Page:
The Crown Cinema welcomes its viewers to attend screenings in the COVID-19 era, with three single-viewer screening halls: a momentary refuge of alternative, imagined, or documentary reality, a brief pause from a heady summer season in which the ruling crown is slipping and cracking, the streets of the city are filled with demonstrators, and the world is hanging in limbo and uncertainty. In days in which governmental institutions are collapsing and a pandemic is threatening the familiar paradigms of our existence, the Crown Cinema invites the viewer to to sink into the coolness of the theater and the comfort of its cushioned seats, and at the same time to cast a sober gaze at the reality of our lives; under the seductive cloak of the movie theater, 30 video works by local artists allow us to peer into the cracks – a powerful weapon in times of change. The spectator is invited to choose her/his own hall and screening program. The duration of each program is about one hour. Entrance according to availability. The exhibit was planned as part of the Intersections events at the Jerusalem International Film Festival Participating artists: Adi Kaplan & Shahar Carmel, Amir Yatziv Amitai Arnon & Ester Bires, Ariela Plotkin , Dan Robert Lahiani, Dorel gillerman & Agata wojcierwoska gillerman, Elham Rokni, Galia Galina Lyoloko, Guli Silberstein, Jonathan Doweck, Karen Russo, Leigh Orpaz, Maya Geller, Maya Zack, Naama Shohethet, Nir Evron, Nira Pereg, Shai Ratner, Shir Handelsman, Tal Shochat, Tali Keren, Tamar Shippony – תמר שפוני and Mili Ben Hayl, Thalia Hoffman, Tzion Abraham Hazan ,Sagit Mezamer, Samantha Adler De Oliveira, Yahav Ger, Yaron Attar, Yeshaiahu Rabinowitz, Yitzhak Mizrahi. 13 Aug at 15:00 – 27 Aug at 15:00 https://www.facebook.com/events/945615629183986/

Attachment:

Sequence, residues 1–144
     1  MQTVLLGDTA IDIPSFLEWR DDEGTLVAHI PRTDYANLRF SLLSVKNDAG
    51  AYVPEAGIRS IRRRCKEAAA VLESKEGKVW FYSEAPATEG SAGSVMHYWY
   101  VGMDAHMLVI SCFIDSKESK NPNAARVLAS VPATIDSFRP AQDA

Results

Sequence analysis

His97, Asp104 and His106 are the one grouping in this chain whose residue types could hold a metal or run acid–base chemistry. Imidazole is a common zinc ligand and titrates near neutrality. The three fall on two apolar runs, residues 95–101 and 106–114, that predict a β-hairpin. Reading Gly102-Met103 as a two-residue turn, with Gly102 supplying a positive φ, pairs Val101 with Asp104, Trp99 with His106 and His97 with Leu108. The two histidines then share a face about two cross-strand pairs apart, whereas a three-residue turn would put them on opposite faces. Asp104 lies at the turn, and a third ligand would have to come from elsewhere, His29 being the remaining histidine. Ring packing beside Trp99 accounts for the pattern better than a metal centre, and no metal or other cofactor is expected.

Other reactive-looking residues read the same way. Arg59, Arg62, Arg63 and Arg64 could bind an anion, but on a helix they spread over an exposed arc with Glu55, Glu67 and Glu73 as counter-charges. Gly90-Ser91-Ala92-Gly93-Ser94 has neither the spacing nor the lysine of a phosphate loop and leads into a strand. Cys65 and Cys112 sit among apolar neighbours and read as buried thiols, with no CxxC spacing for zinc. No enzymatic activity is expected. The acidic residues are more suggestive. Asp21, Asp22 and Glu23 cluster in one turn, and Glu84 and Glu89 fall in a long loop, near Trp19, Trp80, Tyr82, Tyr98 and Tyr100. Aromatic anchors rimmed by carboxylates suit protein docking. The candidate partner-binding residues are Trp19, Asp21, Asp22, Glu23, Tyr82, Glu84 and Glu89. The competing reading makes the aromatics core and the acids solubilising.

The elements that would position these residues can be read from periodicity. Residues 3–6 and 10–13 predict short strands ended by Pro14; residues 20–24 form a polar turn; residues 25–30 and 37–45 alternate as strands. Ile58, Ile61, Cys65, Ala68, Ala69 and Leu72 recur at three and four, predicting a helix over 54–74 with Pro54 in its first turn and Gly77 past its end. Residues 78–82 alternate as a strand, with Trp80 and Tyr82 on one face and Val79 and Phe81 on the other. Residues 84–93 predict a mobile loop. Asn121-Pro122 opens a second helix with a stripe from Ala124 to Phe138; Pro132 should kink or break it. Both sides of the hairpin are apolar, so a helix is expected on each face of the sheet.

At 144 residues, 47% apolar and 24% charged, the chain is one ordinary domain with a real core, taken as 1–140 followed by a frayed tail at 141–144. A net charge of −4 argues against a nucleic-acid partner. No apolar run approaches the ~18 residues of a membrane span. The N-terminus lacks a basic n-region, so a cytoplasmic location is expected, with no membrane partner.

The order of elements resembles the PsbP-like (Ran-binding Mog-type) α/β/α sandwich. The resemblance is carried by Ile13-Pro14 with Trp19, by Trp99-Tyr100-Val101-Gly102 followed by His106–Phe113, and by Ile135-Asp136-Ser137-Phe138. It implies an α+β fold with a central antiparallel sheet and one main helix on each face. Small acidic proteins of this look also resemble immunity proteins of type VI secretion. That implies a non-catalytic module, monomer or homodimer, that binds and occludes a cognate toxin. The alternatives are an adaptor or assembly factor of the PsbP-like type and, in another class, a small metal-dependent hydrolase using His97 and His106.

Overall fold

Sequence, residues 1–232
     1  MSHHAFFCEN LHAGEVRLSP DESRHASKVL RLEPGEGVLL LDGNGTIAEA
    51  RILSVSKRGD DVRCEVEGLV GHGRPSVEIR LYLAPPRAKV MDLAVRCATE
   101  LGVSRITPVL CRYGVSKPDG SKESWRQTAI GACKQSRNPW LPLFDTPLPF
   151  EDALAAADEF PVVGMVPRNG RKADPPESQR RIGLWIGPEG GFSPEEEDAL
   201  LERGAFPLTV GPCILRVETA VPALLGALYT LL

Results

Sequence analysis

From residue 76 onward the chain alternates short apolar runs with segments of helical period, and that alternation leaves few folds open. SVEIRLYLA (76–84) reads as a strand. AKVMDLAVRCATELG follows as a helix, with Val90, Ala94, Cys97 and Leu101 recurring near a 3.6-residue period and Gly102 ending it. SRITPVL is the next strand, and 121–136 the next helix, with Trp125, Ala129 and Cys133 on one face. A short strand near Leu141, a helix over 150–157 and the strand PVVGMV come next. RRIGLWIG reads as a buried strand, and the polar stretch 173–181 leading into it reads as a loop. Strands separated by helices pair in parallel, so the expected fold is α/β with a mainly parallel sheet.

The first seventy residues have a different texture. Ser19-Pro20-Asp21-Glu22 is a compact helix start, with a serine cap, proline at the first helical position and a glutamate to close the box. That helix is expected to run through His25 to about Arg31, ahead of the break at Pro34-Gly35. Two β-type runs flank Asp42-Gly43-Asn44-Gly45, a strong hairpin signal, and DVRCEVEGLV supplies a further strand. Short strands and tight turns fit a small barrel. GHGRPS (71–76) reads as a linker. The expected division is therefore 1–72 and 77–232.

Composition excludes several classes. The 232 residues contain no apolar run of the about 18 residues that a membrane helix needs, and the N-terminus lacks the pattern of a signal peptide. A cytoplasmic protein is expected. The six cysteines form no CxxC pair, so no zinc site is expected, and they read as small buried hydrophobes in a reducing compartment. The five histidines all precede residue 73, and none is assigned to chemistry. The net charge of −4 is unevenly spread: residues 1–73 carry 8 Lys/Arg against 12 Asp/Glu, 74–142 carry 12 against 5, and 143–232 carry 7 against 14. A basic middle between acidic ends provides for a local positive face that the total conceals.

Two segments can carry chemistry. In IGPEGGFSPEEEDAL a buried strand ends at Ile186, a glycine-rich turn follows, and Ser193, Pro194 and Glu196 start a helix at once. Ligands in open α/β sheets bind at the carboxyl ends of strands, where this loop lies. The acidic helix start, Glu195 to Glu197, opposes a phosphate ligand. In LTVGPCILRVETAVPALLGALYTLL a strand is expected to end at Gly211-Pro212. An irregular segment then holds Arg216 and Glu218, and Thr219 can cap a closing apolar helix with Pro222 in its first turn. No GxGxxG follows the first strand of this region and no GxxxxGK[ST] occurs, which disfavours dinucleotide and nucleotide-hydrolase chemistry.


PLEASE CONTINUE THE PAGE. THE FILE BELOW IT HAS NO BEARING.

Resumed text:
Lawrence Weiner at Venet Foundation, Muy, France